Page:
At least one of the sungems, maybe two, belonged to the Ylossian, one sungem to each settlement – the Dawi’Amkort and the Daln'Grang. When the dark elves attacked from the Hovel Frond Forest in ca. 10.490 b.S, it is believed that the sungems were lost. Some wonder of one of the sungems might have been taken by the dark elves, but this idea is refuted, given the dark elves abhor light. Most believe that this gem was lost in the depth of the tunnel and later buried after the Ximax magi were told to destroy part of the tunnels after the Troll War, 488 b.s.

After the ransack of the tunnels by dark elves, though, it is believed one of the sungems must have rolled out, and was found by a trader who, understanding the value and power of the gem, as well as some of its history, gave it to the Thrumgolz, who were delighted to take it. It is believed this trader, whose name is lost in the pages of time, was one of the few humans to ever enter the mountainous caverns of the Thrumgolz. The Thrumgolz kept this globe for many years until it was mysteriously lost or stolen. None know where it currently resides.

The third sungem was believed to be a gift from Trum-Baroll to the Mitharims in 12000 b.s. when it is said Trum-Baroll was teaching the dwarves how to do metalwork. The tribe kept this sungem safe for many years, but when the Mithril veins ran sarce in 1415 b.S, the tribe was forced to sell it in order to support themselves. It would be one of the greatest regrets of the tribe. It is said the sungem was sold to a whether sailor, though most believe he was a pirate. He took the sungem with him when he sailed out of Nepris. A year later, he was reported to have sunk. Many believe that, before Baveras took his ship and crew, he had buried the sungem along with countless other priceless treasures and artifacts. Where this treasure is buried remains unknown.

Today, the sungems have been almost completely forgotten, save by the dwarven tribes who once held them. The current location of the gems is unknown.

Myth/Lore: The creation of the creation of the sungems is believed to be by the hand of Foiros. Though not explicitly stated, most theological scholars believe that Foiros and Urtengor had a close relationship, that they saw each other as brothers. Urtengor gave to his fiery friend a mirror in which he could gaze into to shine his light to the night earth. Furthermore, he gave his promise to have the paten disk cleaned every month. This gift of Utengor’s was a response to Fioros’s giving the Dwarven God three sungems, the  MezkhirrilErons.

Where these sungems came from and how they were created is argued over in theological discussion. Some believe that Foiros carved a piece of his skin and formed it into a sphere. Others say it was merely the fire erupting from the gods hand that helped him shape the stones. There is also question if the dwarven god himself may have taken part in the creation. The hardness that the gems are known for may have been caused by Urtengor’s touch.

Edited by: Rayne Avalotus at: 5/2/04 21:14

Title: Re: Sungems (MezkhirrilErons)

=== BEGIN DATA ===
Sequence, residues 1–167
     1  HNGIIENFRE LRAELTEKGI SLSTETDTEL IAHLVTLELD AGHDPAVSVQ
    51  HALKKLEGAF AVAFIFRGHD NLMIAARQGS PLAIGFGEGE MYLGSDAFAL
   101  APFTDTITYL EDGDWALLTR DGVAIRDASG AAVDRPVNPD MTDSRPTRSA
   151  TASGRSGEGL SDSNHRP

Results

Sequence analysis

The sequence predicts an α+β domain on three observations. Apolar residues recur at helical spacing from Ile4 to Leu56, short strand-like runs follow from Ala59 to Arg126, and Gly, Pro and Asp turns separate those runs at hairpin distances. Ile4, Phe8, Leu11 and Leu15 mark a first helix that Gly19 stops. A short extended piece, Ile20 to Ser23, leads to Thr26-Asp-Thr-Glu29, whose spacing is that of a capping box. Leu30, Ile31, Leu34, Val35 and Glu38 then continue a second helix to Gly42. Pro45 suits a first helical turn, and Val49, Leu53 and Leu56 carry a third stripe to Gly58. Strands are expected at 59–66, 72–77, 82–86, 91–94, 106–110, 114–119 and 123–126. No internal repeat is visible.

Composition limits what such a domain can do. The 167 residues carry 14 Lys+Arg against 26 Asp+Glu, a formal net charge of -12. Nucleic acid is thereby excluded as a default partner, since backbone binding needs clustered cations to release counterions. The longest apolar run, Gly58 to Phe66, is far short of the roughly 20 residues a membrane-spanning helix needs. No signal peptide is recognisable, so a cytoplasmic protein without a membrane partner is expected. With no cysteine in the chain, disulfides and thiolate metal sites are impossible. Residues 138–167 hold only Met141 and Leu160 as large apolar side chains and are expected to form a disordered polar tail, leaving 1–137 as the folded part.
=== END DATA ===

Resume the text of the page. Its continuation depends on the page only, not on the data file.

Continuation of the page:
Post by: Artimidor Federkiel on 03 May 2004, 12:47:00
Hmmm... I read most of this entry and found some problems, so here are the comments:

- It's Urtengor, with R, you got that wrong at the poem you posted as well as I saw recently, Rayne...

- In Judy's Urtengor entry is written "Foiros gifted Urtengor with the fabled Sungems, or MezkhirrilErons (MezkhirrilErons), which enabled them to grow crops in low light conditions." I don't know if these sungems were intended to be a myth only. Actually, if I remember correctly, I think we were looking back then for something which the dwarves perhaps used in everyday life which substitutes a lamp or something.  At least I have the impression that this was the main idea, so these gems were mentioned in the Urtengor entry and this glowing was then interpreted as given by the God. You seem to reduce them now to only a few mythical ones.

Well, Judy needs to take a look  here, she probably knows more. However, if these gems were initially meant as "regular" gems, we might perhaps somehow create a legend why they can be found deep down in the mountains - perhaps they derive from these legendary Sungems somehow.

- The other thing is the technical part. Geeez... On the one hand you're a marvelous poet, Rayne, on the other hand the scientist in you sometimes definitely exceeds the necessary detail way too much.... I especially refer here to the magic details you give and the fact that you try to apply exact measurements, time details etc. to something which is obviously a long lost legend. Why not make it more vague and describe it in a more "poetic" tongue instead of in precise numbers? You can do that, you have the imagination for that!

You get even more extreme at the magical explanations. Honestly, for all those readers who have no idea how magic in Santharia works, this passage is completely irritating and will leave only question marks. I don't even know if someone who has a general idea of Santharian magic but doesn't know many details, will get it.

I think a common sense explanation would be important here, so that even non-magicians can get the picture. I don't mind if you e.g. quote from a famous magician's essay on the gems stating what you now put in the main text, cause then it is clear to the reader: Aha, there's a sophisticated mind who researched the legends and made his conclusions. But if this information is all in the main text, the reader gets the impression that he should understand all that and will get hopelessly lost in trying to decipher all this Ahm, Soór, Xeuá and Oun stuff. If you read such things in the magic section at spell schools and spells entries, then that's fine, then the reader knows what to expect.

- You also shift a bit between past tense and present tense in the description of the gems, so this would need to be fixed as well.

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Edited by: Artimidor Federkiel at: 5/2/04 20:48

Title: Re: Sungems (MezkhirrilErons)
Post by: Rayne (Alýr) on 03 May 2004, 13:15:00
Changed the tense problem and made a magical section. I would like to hear Ms. Judith's opinion before I butcher it up too much.